The FBI is exempt from the Whistleblower Protection Act. Though the law required it to establish internal mechanisms to protect whistleblowers, it has a long history of retaliating against them. As a result, a 2009 IG report found that 28 percent of non-supervisory FBI employees and 22 percent of FBI supervisors at the GS-14 and GS-15 levels "never" reported misconduct they have seen or heard about on the job. The FBI has also aggressively investigated whistleblowers from other agencies, leading to an unprecedented increase in Espionage Act prosecutions under the Obama administration, almost invariably targeting critics of government policies.

Posted Image
Targeting Journalists
The FBI's overzealous pursuit of government whistleblowers has resulted in the inappropriate targeting of journalists for investigation, potentially chilling press freedoms. Recently, the FBI obtained records from 21 telephone lines used by over 100 Associated Press journalists, including the AP's main number in the U.S. House of Representatives' press gallery. And an FBI search warrant affidavit claimed Fox News reporter James Rosen aided, abetted, or co-conspired in criminal activity because of his news gathering activities, in an apparent attempt to circumvent legal restrictions designed to protect journalists. In 2010, the IG reported that the FBI unlawfully used an "exigent letter" to obtain the telephone records of seven New York Times and Washington Post reporters and researchers during a media leak investigation.

Posted Image
Thwarting Congressional Oversight
The FBI has thwarted congressional oversight by withholding information, limiting or delaying responses to members' inquiries, or worse, by providing false or misleading information to Congress and the American public. Examples include false information regarding FBI investigations of domestic advocacy groups, misleading information about the FBI's awareness of detainee abuse, and deceptive responses to questions about governmentsurveillance authorities.

Posted Image
Targeting First Amendment Activity
Several ACLU Freedom of Information Act requests have uncovered significant evidence that the FBI has used its expanded authorities to target individuals and organizations because of their participation in First Amendment-protected activities. A 2010 IG report confirmed the FBI conducted inappropriate investigations of domestic advocacy groups engaged in environmental and anti-war activism, and falsified public responses to hide this fact. Other FBI documents showed FBI exploitation of community outreach programs to secretly collect information about law-abiding citizens, including a mosque outreach program specifically targeting American Muslims. Many of these abuses are likely a result of flawed FBI training materials and intelligence products that expressed anti-Muslim sentiments and falsely identified religious practices or other First Amendment activities as indicators of terrorism.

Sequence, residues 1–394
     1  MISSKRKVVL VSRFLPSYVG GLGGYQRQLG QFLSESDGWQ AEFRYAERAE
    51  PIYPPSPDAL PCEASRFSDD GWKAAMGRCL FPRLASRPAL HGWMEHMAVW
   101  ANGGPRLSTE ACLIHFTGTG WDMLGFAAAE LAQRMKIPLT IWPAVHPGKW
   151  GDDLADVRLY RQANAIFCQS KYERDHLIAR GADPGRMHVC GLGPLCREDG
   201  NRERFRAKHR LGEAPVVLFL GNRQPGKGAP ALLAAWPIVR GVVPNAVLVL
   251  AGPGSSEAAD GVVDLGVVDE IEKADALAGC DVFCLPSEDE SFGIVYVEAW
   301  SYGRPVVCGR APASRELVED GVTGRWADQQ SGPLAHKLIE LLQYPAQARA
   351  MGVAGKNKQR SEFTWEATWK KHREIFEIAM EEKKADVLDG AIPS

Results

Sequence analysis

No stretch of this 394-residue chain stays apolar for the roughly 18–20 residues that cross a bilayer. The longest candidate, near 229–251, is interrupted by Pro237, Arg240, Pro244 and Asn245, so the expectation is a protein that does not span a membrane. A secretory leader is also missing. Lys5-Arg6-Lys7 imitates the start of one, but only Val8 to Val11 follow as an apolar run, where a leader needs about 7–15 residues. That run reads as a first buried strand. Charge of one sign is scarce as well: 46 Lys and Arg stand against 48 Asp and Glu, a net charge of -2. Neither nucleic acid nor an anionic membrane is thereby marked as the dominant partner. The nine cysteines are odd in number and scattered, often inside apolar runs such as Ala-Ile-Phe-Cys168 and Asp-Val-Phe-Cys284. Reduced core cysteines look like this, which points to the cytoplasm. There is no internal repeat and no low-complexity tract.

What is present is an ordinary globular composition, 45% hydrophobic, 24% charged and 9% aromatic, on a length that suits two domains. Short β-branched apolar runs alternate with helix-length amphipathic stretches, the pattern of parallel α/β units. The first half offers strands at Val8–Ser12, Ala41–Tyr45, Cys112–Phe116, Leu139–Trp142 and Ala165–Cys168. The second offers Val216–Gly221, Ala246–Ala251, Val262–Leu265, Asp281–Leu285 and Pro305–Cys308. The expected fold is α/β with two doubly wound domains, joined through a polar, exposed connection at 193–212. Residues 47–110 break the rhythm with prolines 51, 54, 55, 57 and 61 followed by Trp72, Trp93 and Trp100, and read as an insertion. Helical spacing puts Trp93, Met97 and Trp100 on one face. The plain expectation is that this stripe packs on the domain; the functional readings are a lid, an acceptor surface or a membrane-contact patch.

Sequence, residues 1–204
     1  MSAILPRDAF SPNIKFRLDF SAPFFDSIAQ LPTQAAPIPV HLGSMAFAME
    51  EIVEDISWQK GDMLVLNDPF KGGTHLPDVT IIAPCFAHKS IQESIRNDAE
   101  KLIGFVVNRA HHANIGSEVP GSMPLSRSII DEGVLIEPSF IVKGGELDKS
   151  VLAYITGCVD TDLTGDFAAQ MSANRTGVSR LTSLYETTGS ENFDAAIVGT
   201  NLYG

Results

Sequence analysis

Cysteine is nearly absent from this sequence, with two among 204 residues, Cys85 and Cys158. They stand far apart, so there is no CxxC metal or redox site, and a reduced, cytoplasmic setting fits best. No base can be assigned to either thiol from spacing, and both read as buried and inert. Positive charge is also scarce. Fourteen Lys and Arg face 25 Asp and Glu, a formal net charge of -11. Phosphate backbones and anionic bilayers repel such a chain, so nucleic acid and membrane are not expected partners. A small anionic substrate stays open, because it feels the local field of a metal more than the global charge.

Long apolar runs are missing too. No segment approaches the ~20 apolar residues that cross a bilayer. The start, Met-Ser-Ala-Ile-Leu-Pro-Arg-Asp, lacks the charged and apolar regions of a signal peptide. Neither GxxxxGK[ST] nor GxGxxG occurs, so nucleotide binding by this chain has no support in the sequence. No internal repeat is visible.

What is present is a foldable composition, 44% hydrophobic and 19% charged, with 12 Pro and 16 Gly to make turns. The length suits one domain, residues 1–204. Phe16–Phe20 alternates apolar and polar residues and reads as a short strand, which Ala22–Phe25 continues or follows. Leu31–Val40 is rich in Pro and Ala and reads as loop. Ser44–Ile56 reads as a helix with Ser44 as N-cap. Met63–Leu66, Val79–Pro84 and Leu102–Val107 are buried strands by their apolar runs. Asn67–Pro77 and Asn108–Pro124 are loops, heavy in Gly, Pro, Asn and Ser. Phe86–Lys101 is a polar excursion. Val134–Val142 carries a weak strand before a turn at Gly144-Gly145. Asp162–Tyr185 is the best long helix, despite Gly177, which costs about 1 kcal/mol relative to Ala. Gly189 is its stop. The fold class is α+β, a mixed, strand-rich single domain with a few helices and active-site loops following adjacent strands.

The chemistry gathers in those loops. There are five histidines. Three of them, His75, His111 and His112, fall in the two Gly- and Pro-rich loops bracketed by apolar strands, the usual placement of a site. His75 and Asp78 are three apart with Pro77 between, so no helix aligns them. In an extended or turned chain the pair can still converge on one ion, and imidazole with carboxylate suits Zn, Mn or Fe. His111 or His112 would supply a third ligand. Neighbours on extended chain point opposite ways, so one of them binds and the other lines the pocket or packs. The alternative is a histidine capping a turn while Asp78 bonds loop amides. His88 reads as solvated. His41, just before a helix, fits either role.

Posted Image
Proxy Detentions
The FBI increasingly operates outside the U.S., where its authorities are less clear and its activities much more difficult to monitor. Several troubling cases indicate that during the Bush administration the FBI requested, facilitated, and/or exploited the arrests and detention of U.S. citizens by foreign governments, often without charges, so they could be interrogated, sometimes tortured, then interviewed by FBI agents. The ACLU represents two victims of such activities. Amir Meshal was arrested at the Kenya border by a joint U.S., Kenyan, and Ethiopian task force in 2007, subjected to more than four months of detention, and transferred between three different East African countries without charge, access to counsel, or presentment before a judicial officer, all at the behest of the U.S. government. FBI agents interrogated Meshal more than thirty times during his detention. Similarly, Naji Hamdan, a Lebanese-American businessman, sat for interviews with the FBI several times before moving from Los Angeles to the United Arab Emirates in 2006. In 2008, he was arrested by U.A.E. security forces and held incommunicado for nearly three months, beaten, and tortured. At one point an American participated in his interrogation; Hamdan believed this person to be an FBI agent based on the interrogator's knowledge of previous FBI interviews. Another case in 2010, involving an American teenager jailed in Kuwait, may indicate this activity has continued into the Obama administration.